Ready for change in lightweight women's single
18/08/2012 - 16:39:00
The 2011 World Champion, Fabiane Beltrame of Brazil, will not be defending her title in the lightweight women's single scull to be raced Sunday 19 August at the 2012 World Rowing Senior & Junior Championships in Plovdiv, Bulgaria. Both Beltrame and last year’s silver medallist, Pamela Weisshaupt (SUI) failed to make it into the final of the lightweight women’s single.
In fact, only one of last year’s A-finalists will line up to battle for gold, silver and bronze. Ursula Grobler (USA) will be looking to get herself into the medals after coming fourth at the World Championships last year. This will also be the pinnacle of her season, as she missed out on the only lightweight women’s Olympic boat class, the lightweight women’s double sculls. So far at this regatta Grobler is doing well. She narrowly won the second semifinal by just 0.07 seconds over Austria’s Michaela Taupe-Traer and 0.40 seconds over Belarus’ Alena Kryvasheyenka.
Taupe-Traer is also in the form of her life. In her 26 years of rowing, sixth is the highest she has ever placed at a World Championships, but she comes into the regatta with two gold and a bronze from the Samsung World Rowing Cup 2012 series.
What has changed for this experienced lightweight? “I trained more than last season in terms of quantity… and this winter I also changed my technique which worked really well – we tried something new and it works.” Taupe-Traer has had a couple of disappointing and frustrating seasons in the double, which she was rowing in to try to qualify for the Olympic Games in the lightweight women's double, but she decided to focus on the single this year instead. So far, that decision has paid dividends.
Another athlete with great form in the single this season is the Belarusian sculler, the youngest competitor in this final. Fresh from winning the World Rowing Under 23 Championships in Trakai, Lithuania, Kryvasheyenka may be looking to emulate the success of her nation’s legendary single sculler, Ekaterina Karsten.
Perhaps the most surprising athlete in the field is Denmark’s Rikke Quist. Following her unexpected silver medal in the heavyweight category at the World Rowing Under 23 Championships, Quist was offered the chance by her federation to race as a lightweight in Plovdiv. She only had only four weeks preparation, which included making sure she was under the maximum weight allowance of 59kgs. She also spent a week in London so she could watch her brother, Rasmus Quist, finally take gold in the lightweight men’s double sculls at the Olympic Games. During this time Quist trained solely on the indoor rowing machine. Quist's performance is even more extraordinary considering that she has had two operations on her hips, one in 2010 and one in the summer of 2011, “It’s been a really, really good year, I’m really overwhelmed. I didn’t see it coming” she says.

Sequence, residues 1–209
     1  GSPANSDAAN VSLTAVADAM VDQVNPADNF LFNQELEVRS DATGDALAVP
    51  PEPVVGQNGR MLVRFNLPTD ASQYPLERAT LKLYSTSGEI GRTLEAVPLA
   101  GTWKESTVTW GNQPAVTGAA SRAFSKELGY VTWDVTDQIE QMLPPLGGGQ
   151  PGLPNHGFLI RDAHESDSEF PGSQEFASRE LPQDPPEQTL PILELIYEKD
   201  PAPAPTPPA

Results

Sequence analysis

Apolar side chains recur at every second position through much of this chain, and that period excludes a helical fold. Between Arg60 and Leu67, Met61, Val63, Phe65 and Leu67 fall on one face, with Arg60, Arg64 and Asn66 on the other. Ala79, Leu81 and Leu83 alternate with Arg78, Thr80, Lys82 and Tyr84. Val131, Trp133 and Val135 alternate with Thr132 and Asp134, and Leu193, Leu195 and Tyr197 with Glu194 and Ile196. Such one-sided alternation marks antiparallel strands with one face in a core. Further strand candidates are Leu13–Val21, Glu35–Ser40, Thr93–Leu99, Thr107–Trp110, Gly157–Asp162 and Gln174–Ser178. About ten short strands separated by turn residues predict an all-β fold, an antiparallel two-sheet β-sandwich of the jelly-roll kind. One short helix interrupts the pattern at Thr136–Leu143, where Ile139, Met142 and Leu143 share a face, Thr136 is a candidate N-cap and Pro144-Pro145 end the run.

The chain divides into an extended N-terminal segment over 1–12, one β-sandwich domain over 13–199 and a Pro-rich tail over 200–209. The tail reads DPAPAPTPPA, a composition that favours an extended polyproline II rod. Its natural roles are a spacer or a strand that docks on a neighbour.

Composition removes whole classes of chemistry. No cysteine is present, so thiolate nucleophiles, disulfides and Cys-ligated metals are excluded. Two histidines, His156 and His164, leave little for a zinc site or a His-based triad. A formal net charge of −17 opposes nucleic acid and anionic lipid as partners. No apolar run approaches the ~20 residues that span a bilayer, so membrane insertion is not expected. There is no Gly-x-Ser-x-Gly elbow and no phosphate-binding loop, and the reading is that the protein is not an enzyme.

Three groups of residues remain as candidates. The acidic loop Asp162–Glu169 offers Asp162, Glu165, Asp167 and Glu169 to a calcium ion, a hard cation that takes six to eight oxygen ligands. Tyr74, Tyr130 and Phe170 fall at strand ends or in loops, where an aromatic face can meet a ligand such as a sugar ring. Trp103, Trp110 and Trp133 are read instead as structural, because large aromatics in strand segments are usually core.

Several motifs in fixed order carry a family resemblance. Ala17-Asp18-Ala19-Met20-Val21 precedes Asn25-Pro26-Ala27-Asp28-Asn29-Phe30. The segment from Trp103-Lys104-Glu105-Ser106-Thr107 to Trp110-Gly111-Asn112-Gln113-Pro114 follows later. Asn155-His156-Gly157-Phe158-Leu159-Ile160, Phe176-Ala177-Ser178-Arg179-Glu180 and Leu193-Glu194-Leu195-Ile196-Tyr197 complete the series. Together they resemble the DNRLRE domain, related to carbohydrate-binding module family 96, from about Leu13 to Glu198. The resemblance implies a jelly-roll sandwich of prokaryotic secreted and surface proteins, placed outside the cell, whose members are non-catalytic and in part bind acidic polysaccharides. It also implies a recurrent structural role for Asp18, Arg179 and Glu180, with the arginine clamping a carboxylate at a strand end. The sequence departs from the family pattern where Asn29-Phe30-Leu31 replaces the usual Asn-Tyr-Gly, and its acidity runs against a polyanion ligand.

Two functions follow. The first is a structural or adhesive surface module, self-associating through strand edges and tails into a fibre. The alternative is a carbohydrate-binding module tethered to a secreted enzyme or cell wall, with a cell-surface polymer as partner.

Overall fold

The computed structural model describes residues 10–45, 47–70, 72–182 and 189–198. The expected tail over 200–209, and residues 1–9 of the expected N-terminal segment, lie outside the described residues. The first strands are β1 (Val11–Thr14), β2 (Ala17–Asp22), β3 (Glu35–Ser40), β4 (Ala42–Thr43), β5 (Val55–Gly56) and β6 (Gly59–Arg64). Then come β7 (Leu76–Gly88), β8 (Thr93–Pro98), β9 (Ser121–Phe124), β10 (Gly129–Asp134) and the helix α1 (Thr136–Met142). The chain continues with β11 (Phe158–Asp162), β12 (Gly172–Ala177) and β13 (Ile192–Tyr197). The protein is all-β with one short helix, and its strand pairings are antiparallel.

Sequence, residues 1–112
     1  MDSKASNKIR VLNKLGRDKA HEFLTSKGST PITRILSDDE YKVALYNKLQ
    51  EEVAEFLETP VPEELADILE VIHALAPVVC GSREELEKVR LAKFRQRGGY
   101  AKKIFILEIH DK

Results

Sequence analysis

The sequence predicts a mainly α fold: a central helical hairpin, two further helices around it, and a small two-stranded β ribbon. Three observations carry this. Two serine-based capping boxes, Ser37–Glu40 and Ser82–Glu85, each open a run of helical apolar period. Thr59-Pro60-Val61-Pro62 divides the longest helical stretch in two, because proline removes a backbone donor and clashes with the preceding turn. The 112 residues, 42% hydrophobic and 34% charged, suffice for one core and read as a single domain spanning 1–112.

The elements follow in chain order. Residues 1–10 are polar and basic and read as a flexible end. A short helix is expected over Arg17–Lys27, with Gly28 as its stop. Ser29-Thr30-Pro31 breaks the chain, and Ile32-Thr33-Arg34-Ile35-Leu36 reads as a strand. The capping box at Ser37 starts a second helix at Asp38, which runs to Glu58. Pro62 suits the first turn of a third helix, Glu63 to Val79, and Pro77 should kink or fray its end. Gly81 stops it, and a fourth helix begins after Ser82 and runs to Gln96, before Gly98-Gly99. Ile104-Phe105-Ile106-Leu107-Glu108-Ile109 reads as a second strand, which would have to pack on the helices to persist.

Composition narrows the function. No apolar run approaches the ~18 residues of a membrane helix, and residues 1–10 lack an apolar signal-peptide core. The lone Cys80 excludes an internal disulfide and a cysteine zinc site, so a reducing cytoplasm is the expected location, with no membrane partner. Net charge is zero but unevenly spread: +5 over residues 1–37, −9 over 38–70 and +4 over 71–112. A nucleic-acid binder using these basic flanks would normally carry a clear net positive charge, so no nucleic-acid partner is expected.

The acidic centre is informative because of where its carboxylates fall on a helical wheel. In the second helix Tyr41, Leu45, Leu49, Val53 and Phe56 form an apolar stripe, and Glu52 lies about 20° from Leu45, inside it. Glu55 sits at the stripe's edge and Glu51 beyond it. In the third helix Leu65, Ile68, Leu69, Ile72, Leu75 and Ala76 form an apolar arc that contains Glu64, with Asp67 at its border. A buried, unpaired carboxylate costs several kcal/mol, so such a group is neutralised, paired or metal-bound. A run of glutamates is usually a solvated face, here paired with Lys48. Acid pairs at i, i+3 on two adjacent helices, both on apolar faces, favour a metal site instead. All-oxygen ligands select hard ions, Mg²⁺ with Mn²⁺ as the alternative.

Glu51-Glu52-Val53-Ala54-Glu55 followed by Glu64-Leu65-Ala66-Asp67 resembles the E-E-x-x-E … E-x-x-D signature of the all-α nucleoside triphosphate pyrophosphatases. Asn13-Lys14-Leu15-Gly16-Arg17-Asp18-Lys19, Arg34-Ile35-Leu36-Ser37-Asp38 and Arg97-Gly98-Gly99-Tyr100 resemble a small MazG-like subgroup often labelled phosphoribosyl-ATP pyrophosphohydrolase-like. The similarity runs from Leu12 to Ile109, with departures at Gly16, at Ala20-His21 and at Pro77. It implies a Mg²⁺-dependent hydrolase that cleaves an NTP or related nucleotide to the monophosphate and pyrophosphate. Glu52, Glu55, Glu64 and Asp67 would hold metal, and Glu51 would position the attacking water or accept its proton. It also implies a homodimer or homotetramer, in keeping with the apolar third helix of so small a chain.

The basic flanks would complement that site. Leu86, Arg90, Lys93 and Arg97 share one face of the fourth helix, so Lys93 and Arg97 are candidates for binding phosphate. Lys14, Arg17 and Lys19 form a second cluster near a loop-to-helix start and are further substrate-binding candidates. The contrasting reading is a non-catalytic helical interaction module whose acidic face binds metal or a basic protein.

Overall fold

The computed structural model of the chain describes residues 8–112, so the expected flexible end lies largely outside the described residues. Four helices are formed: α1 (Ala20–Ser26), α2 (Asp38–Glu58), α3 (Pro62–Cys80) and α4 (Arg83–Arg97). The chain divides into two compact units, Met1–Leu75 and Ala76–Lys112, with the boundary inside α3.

Feisty Lucy Strack of New Zealand will be racing with something to prove. After qualifying the lightweight double for the London Olympics in Bled last year, she has been plagued by a back injury all year.
“I was forced to take a break in December and January… that was pretty hard, especially because the double is my little baby. We haven’t had a New Zealand lightweight women’s double in years and I was so overwhelmed when we qualified. It was devastating to realise that I couldn’t row at the London Olympics,” says Strack.
Depsite the painful setback, Strack has managed to retain her fighting spirit, “I didn’t come here to make up the numbers.”
Also in the final, Alexandra Tsiavou of Greece won a bronze medal at the Olympic Games just two and half weeks ago. “When I went home I had such a great welcome from my town, Igoumenista, and this made me so happy that after this I said, yes, I will do it. They give me so much power… I am here to fight for one more medal for my country, this is very important to me.”
Named Greek Female Athlete of the Year in 2009, Tsiavou has the greatest rowing pedigree of the finalists. Double Under-23 Champion in the single and double World Champion in the double, the Greek won her heat in the fastest time of the day, a length clear of second placed Quist. Tsiavou is likely to be the one to beat, but with so many upsets in this event so far, the medal winners could come from any of the lanes.